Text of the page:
A Guide to Planning Your Next Adventure

Expeditions are just like icebergs; it might seem like the hard work is done on the move but in actual fact, about 80% of the work is below the surface, before the official start line.

Planning an expedition requires patience, dedication, the ability to deal with rejection and disappointment and the grit to carry right on through until it’s done. Sounds like an endurance journey already, doesn’t it?!

I’m not much of a planner, but of course, you need to get to your start line, organise the right gear, ensure you’re safe and do enough to let the adventure take you on a journey, so here are my essential steps for planning a long journey:

Decide on a process

Too much planning will suck the juice out of your dream faster than you can say ‘I’m going to cut my toothbrush in half to save weight.’

The only critical information you need to enjoy an adventure is the following:

What can kill me or stop this project early? and how do I avoid these things?

If you have a solution to ‘what’s the worst that can happen?’ then you’re home and dry.

After that, a bit of planning ahead can save you some money, or it could cost you extra. It won’t be an adventure if you know where every shop is en route, this is your chance for freedom and following a comprehensive plan from wake-up to sun-down will make this journey hard work.

Try and relax. Take a long weekend on your bike and see how you get on without a plan. If you’re utterly freaked out by the absence of control then, by all means, get your spreadsheet on. Remember, there’s no point doing this if your sense of fun is limited.

The idea

This is the golden nugget, the eureka moment. You usually know that you have the right idea because your heart starts beating very fast and suddenly you become filled with passion and a certainty that you’ve discovered a purpose that you can’t ignore. And you want to tell everyone about it, now!

Make a list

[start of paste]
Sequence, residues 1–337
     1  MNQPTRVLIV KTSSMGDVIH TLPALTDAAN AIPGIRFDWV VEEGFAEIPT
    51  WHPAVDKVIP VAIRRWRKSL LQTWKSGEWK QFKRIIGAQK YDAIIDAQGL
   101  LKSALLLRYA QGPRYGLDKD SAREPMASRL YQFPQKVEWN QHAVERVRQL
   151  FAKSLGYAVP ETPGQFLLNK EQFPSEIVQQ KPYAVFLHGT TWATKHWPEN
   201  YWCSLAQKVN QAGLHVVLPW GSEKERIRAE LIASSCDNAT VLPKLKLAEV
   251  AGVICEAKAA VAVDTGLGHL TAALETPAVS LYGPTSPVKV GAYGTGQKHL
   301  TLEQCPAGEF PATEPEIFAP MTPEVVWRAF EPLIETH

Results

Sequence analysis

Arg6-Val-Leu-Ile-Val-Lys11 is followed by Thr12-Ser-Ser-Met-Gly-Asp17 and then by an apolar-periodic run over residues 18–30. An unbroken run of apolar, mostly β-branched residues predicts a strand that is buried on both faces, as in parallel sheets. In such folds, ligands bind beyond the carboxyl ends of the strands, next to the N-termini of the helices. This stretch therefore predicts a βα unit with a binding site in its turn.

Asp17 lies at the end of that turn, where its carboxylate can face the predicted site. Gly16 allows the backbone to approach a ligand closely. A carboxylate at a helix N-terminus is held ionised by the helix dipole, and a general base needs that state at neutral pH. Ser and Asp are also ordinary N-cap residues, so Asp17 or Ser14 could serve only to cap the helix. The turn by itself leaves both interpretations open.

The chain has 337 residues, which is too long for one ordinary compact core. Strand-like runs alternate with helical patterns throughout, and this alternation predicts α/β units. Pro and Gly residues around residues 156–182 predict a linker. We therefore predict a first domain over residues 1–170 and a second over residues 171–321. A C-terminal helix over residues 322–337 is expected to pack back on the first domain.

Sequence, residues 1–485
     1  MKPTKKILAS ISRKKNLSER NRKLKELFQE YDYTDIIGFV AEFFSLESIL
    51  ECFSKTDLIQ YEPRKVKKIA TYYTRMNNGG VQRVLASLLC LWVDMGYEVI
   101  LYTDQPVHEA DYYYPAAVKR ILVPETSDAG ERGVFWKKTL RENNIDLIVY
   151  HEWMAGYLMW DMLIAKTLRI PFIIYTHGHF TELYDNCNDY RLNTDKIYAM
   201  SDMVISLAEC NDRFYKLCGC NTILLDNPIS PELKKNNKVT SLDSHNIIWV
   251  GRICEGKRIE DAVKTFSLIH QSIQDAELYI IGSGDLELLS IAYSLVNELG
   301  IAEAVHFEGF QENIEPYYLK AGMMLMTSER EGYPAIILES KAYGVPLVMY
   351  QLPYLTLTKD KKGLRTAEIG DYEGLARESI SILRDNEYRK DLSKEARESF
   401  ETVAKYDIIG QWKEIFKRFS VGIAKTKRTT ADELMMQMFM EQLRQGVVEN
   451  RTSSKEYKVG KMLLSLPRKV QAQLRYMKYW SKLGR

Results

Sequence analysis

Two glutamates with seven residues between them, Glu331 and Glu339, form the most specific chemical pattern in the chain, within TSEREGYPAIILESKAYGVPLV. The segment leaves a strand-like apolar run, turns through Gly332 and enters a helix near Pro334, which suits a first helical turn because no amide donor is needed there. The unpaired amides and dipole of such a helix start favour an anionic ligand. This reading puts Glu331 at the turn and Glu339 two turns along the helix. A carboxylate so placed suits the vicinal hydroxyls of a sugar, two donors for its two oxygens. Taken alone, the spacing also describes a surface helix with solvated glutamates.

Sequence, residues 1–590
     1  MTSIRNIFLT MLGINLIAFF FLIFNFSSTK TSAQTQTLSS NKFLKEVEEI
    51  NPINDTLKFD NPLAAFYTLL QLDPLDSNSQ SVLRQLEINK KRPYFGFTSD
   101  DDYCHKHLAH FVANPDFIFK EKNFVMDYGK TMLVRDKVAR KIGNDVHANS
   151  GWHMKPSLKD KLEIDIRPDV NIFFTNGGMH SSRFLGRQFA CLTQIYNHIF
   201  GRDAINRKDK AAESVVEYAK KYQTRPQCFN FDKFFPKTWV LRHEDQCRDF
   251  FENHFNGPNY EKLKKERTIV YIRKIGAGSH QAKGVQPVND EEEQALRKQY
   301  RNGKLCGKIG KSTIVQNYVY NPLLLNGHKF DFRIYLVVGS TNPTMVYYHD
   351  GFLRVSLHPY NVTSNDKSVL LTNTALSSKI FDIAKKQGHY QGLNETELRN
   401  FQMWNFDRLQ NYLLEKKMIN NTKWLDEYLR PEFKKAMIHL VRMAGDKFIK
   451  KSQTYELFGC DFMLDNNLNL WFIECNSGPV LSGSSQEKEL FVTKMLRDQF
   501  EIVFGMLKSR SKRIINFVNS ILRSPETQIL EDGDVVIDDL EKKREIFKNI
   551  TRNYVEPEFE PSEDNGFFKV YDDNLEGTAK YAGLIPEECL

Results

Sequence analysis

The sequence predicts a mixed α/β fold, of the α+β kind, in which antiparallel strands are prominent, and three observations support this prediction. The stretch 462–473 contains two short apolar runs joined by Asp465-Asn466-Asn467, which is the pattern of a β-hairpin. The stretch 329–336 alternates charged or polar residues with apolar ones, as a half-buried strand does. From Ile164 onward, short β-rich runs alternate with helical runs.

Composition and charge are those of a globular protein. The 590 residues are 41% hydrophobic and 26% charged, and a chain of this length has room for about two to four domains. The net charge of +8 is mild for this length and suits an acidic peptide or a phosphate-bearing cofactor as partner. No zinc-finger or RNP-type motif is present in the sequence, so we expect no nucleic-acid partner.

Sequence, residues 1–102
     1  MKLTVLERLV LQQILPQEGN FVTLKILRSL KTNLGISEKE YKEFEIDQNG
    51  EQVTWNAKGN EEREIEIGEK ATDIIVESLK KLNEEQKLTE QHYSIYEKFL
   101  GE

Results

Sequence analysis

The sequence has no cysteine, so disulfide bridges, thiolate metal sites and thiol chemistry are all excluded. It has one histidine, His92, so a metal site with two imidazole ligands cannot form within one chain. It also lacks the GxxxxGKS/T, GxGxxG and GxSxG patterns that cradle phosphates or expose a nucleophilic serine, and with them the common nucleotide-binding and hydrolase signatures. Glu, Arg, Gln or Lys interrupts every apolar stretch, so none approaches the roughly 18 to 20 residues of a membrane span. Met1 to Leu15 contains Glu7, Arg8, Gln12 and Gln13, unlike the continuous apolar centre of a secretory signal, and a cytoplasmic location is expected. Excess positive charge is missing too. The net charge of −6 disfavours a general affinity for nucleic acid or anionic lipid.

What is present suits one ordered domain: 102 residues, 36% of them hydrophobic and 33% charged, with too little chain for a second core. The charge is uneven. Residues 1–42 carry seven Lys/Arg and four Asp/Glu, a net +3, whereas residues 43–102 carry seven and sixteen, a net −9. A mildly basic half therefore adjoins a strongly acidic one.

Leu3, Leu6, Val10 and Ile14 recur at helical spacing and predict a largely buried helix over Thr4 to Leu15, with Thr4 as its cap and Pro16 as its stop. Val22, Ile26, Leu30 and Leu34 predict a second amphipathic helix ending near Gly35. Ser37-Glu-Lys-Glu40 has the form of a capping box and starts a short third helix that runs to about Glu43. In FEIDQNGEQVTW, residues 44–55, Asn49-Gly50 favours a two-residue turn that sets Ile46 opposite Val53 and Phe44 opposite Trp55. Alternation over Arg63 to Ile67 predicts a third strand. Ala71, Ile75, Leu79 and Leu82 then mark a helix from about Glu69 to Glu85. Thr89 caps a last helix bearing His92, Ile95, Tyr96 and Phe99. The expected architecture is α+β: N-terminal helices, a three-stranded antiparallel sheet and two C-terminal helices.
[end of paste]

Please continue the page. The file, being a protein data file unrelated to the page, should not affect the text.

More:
I’ve seen some brilliant projects fall apart because the protagonists don’t plan sensibly. You have your idea already, so add to it by making a list of everything you:

a) Need (stuff)

b) Need to do (action)

This will give your concept some tangibility, it’ll start to feel real.

Then, start ticking off items from the list – once you’ve done them all you’re ready to go!

Pad out your project

As soon as I’ve been slapped around the happy chops with an original idea for an expedition I’ll grow that seed by slowly building a mini website.

Suddenly you see the project coming together before you, it’s a marvelous way to clarify everything (with the extra added incentive of being able to add extra content to your pretty idea as soon as the journey starts.)

If you’re devoid of web skills never fear – try Squarespace, Moonfruit, Wix, Strikingly or any number of a-monkey-could-do-this self-build platforms. If my 10-year-old nephew can master website design with his eyes shut, you can too. These journeys are all about learning, so you may as well get more skilled in the process.

Manage your time

You’re not going to get anywhere special without focus. Commit to your project, don’t waste time faffing about on Facebook or Twitter unless it’s related to your project aims. Use your time wisely and do do do.

Be realistic with timescale and budget

Don’t rush this, it’s important. You need time to get the money together. To prepare, develop skills and promote. Don’t be a cheapskate but don’t go overboard with your budget, either. Look at the list you started with (see above) and research how much each item/ service will cost as accurately as possible. There’s nothing worse than stopping before you started just because you didn’t nail the money side of things.

Get creative

If you hope to do more of these trips and make it central to your lifestyle and maybe even your income, you need to work out your thing. Why would people follow your journeys, read your stuff, watch your films and like your tweets over all of the other amazing people doing cool things?

Your edge is that you are the only person in the world with your combination of background, skills and attitude. Don’t be afraid to be you, it’s your ultimate superpower.

Talk about your project

Vocalising your aims is a surefire way to get constructive feedback, to find people who can help you out and, of course, as soon as you start telling people what you’re up to it’s extra incentive to make sure you actually do it!

There’s nothing like a good conversation to stretch out the creases of an idea so find a friend who can listen well, and the process of talking out loud will guide you nicely.

Work hard and take responsibility

This is your moment to shine. Work hard and you’ll increase your chances of success. You’re the one responsible at all times because this is your project. Sometimes people will let you down but you’re the one who brought them onboard (in whatever capacity) in the first place. If you have to take a step backwards, step forwards quickly, stronger than before.

Finally, get the balance right between planning effectively and over-planning. It’s possible to prepare TOO much, leaving no life for your expedition to breathe. Adventures are supposed to be filled with uncertainty. and the sooner you embrace this your chances of finishing thing will rise exponentially.

Dave Cornthwaite
Dave Cornthwaite

Adventurer and Founder, YesTribe


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